‘But it is raining outside! You will be soaking wet.’ I moan.
 ‘I’m staying right here, dry and warm.’
I listen to some more radio, a music program. I read more LOTR, I snooze a bit when my eyelids become too heavy from reading.
Suddenly I hear the plashy sound of footsteps through the soaking wet grass coming closer to the tent.
 ‘Hi, love.’
 ‘Take your wet things off before you come in the tent!’ Oh no, you make everything wet, great’ I reprimand.
My favorite program is on the radio. Get it on!! I sing along with all the songs while we cook dinner in the tent. The outdoor activities forecast is predicting more rain tomorrow. Another lazy day in the tent, lovely.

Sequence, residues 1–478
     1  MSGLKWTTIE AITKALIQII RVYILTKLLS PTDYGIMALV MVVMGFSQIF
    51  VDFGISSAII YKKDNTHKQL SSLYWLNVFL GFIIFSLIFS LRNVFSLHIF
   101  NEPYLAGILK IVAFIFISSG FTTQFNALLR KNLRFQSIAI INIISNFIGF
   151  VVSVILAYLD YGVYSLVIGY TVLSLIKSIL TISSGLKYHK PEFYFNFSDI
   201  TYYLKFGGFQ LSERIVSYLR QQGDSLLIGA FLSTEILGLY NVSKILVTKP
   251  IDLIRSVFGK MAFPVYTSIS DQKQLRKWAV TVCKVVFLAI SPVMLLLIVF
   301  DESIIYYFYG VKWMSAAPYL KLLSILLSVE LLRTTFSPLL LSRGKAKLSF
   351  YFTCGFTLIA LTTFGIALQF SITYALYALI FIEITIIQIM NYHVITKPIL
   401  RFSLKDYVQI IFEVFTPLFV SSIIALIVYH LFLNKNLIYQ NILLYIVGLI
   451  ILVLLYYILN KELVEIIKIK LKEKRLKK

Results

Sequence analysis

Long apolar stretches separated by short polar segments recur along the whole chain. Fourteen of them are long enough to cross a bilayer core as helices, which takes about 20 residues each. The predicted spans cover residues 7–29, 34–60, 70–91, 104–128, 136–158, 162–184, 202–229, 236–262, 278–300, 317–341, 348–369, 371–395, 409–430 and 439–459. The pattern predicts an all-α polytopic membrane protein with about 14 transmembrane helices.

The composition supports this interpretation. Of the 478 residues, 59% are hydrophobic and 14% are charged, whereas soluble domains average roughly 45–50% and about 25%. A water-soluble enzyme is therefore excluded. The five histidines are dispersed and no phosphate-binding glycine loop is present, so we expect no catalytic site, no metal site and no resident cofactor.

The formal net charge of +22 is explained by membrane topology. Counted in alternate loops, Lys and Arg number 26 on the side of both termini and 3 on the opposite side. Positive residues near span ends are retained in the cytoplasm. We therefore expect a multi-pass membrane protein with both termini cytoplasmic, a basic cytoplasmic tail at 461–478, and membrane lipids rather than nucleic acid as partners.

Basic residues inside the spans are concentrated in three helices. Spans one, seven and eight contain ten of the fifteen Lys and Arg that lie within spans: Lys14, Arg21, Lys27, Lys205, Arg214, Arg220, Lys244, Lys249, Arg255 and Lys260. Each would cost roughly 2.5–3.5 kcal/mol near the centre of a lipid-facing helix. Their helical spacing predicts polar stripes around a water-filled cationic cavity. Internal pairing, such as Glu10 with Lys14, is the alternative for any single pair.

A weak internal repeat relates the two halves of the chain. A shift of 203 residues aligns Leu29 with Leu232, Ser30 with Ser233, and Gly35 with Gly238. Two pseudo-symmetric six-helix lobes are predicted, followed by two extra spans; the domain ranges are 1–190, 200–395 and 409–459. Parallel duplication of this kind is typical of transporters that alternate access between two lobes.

‘Yeah, you like that, don’t you?’ Alexander tries to kiss and tickles me.
 ‘Go away, not with your cold hands. Stop it!’ I scold.
I read a bit more and Alexander writes the journal. What a comfortable day, I think. But I expect not everyone in the tent will agree with me on this. We drink some cider and go to sleep.


Eureka tent with tarp extention

Day two

The rain is still dripping on the tent as we wake up. Sometimes a bit heavier, sometimes a bit lighter. The day progresses in a similar rhythm as the previous day, listen to the radio, read a book, a snooze, lunch… I have this feeling of unease creeping up on me.
 ‘Are you going to join me for a walk?’ Alexander asks innocently.
 ‘NO!’, I aggressively answer back.
 ‘But you need to go out for a walk, it’s good for you.’, he pleads.
 ‘I don’t want to. If you want to go, that’s fine. I don’t want everything wet. It is too cold.      Leave me be, go and fish. Bye!’